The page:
As the ancient Chinese curse goes, “May you live in interesting times.” May is off to an “interesting” start. We have been finding a fair amount of grain. Just not trading much. Buyers and sellers seem to have a difference of opinion on pricing.
We saw markets dip at the end of April, but the cash feed prices are coming back strong in May. We have seen feed wheat bids of $14 FOB farm in Manitoba. Seems that there is still good demand, but as I have said before empty feed bins aren’t an option. Some people feel that these prices have no were to go but up, however, I am inclined to disagree. There is a point where the loss that you will face from feeding your livestock is so big and you can’t get a position to protect yourself financially and producers will be forced to sell at whatever the market is. If that happens breeding stock will likely follow the fed stock to market. Just economics 101. Long term not good for agriculture in Canada.
For our readers in the west we are seeing feed barley bids in Alberta approaching $10/bus delivered to Lethbridge - unfortunately many producers are expecting that number picked up in the yard and are going to have to keep waiting. 2 CW Rye bids are around $10/bus FOB. Feed bids for White wheat are trailing feed bids for Red wheat at $12.25/bus white vs 13.50+/bus red. Seeing milling oat bids drop significantly. Last week we had bids around $9/bus this week they are closer to $8/bus and dropping.
That being said, we still have real interest in any feed grain. Looks like barley acres are predicted down with oats picking up much of the diverted acres. This is supported by the pole that I had taken while talking to producers. I wouldn’t be surprised to see soybean acres in the US rise more than predicted just because beans are not hogs for fertilizer. If this happens the North American feed markets should stay strong for most or all of next year. This doesn’t mean $11 barley and $12 corn but just good profitable prices. Here in MB, we have the opposite problem that Western SK and AB have. We have too much water. The area from Portage to the east side of the Red River is going to be 25 to 30 days later than normal. This likely will change planting intentions to some degree. More barley less corn maybe?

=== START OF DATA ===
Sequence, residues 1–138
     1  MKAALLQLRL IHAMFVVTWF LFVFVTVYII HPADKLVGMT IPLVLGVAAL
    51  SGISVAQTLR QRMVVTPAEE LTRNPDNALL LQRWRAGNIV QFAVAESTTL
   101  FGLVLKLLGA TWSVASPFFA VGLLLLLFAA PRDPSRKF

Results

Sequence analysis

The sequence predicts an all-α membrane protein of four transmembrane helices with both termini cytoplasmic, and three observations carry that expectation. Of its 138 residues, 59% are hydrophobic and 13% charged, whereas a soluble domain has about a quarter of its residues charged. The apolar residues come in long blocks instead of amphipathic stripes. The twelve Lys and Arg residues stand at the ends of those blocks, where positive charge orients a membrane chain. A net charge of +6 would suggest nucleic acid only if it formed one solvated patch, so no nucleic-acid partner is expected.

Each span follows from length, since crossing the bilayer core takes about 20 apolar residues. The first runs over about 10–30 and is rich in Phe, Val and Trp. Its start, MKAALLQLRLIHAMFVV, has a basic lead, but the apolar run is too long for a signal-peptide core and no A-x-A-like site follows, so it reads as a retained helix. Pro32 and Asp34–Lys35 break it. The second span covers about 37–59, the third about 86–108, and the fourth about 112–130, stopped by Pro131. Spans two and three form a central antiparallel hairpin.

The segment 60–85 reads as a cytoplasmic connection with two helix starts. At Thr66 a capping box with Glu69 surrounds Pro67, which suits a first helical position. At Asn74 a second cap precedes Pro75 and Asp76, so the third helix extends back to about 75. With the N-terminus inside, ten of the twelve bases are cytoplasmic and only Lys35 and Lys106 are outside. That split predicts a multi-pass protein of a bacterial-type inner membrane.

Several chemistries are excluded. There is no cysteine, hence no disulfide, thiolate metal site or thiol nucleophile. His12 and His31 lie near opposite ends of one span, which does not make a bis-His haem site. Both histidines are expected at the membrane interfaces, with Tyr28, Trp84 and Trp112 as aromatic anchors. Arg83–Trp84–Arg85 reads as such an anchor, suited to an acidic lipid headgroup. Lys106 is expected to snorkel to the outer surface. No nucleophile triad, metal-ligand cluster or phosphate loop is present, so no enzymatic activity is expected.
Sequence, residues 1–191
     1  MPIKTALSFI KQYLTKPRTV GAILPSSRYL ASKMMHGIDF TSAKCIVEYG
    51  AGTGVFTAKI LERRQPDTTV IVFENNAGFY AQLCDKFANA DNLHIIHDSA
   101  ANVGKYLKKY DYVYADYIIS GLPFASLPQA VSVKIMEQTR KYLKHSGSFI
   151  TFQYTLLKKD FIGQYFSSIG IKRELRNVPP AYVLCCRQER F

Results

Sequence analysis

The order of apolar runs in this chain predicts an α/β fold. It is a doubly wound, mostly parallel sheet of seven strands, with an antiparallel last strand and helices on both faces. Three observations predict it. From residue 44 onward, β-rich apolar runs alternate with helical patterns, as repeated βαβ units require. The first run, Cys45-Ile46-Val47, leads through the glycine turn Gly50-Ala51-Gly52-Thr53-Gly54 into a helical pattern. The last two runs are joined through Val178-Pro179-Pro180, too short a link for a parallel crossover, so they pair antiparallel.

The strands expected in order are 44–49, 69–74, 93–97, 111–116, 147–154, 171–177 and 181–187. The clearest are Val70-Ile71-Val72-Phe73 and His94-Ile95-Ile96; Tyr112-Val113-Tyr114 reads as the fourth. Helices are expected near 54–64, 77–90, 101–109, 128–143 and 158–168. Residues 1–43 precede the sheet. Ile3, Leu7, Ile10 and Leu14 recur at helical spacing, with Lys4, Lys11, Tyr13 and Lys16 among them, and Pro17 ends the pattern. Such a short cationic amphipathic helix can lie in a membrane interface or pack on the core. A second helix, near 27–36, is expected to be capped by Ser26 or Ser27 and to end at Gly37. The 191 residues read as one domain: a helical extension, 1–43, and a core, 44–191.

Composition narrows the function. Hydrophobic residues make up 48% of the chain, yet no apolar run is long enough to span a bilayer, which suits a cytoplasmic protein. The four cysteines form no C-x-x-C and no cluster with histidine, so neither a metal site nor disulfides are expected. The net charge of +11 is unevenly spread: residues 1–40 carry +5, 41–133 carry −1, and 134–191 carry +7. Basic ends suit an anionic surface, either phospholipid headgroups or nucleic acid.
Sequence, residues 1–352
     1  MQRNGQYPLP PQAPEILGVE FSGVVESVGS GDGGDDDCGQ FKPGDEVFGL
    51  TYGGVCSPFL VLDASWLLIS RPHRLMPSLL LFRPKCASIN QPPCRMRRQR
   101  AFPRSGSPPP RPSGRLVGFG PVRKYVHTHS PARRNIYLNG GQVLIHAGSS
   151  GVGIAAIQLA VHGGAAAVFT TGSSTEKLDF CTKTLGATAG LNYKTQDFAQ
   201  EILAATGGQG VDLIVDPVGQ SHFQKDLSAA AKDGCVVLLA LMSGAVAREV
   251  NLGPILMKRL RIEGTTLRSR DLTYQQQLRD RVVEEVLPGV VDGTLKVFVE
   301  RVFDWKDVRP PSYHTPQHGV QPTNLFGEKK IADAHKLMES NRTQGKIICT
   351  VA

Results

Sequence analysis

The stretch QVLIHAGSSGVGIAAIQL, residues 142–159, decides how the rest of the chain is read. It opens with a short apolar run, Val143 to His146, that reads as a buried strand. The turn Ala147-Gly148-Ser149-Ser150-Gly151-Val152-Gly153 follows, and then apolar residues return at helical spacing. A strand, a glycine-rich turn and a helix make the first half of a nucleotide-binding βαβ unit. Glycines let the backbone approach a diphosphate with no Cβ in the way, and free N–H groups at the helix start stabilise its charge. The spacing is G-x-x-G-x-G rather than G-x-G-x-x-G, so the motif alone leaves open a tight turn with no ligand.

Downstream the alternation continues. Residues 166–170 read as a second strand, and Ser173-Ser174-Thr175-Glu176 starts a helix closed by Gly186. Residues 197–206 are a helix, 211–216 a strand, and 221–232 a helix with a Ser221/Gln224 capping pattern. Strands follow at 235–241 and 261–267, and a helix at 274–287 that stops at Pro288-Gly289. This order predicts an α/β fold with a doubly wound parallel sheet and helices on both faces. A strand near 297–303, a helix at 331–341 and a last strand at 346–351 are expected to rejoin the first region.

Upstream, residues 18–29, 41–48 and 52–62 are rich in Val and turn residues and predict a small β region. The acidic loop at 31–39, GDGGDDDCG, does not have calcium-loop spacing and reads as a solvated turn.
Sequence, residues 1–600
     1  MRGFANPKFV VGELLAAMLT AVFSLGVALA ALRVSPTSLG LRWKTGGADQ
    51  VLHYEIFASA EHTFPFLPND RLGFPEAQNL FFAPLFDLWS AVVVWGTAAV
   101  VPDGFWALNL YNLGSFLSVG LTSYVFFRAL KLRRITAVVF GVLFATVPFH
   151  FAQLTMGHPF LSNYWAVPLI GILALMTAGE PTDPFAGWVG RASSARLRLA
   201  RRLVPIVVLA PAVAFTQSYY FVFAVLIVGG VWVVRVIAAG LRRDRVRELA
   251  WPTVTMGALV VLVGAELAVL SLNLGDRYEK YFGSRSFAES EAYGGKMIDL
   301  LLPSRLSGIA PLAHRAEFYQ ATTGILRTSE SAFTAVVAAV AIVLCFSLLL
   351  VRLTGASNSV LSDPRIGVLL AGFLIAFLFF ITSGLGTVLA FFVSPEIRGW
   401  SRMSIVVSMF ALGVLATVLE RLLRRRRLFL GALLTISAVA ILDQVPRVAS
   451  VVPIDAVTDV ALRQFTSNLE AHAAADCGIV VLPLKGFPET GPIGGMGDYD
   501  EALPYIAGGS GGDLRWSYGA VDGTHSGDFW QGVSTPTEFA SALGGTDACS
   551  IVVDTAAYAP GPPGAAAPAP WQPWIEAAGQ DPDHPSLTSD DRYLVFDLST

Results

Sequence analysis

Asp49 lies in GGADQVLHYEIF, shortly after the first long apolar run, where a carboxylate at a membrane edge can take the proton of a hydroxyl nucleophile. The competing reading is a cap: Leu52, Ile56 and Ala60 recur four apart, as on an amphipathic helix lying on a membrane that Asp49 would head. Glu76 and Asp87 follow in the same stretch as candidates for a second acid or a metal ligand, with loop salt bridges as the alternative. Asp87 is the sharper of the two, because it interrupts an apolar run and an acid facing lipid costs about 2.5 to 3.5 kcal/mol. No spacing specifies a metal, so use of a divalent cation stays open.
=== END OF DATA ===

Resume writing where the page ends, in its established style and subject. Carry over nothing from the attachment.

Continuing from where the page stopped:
We are seeing good new crop prices, $8.00 barley, 6.75 oats, 11.50 wheat, $30 brown flax, $13.50 green and yellow peas, 38 cent red lentils, $0.98/lb yellow mustard, $1.10/lb brown mustard. The pulses, mustards and flax have AoG clauses. If any of this is interesting to you, call the broker you have been working with. If not, call head office and Reed will put you in touch with the right broker. All contact numbers are at the end of this newsletter.
Just remember to give us a call for a second opinion on prices when you plan on doing some marketing. We kick tires for free and with feed grains we kick about 50 tires at a time so we have pretty good coverage.
Just a little note before I sign off. If you have any bins that have not had tops pulled, please check them. We are seeing crusted peas, barley, oats and heated canola. The grain all went in very dry, but it is that time of year. We can find markets for all qualities, but it is better for you if the grain has no issues.
Till next month,
Marketer - Brandon, MB
204-729-1354 - Office
204-761-8320 - Cell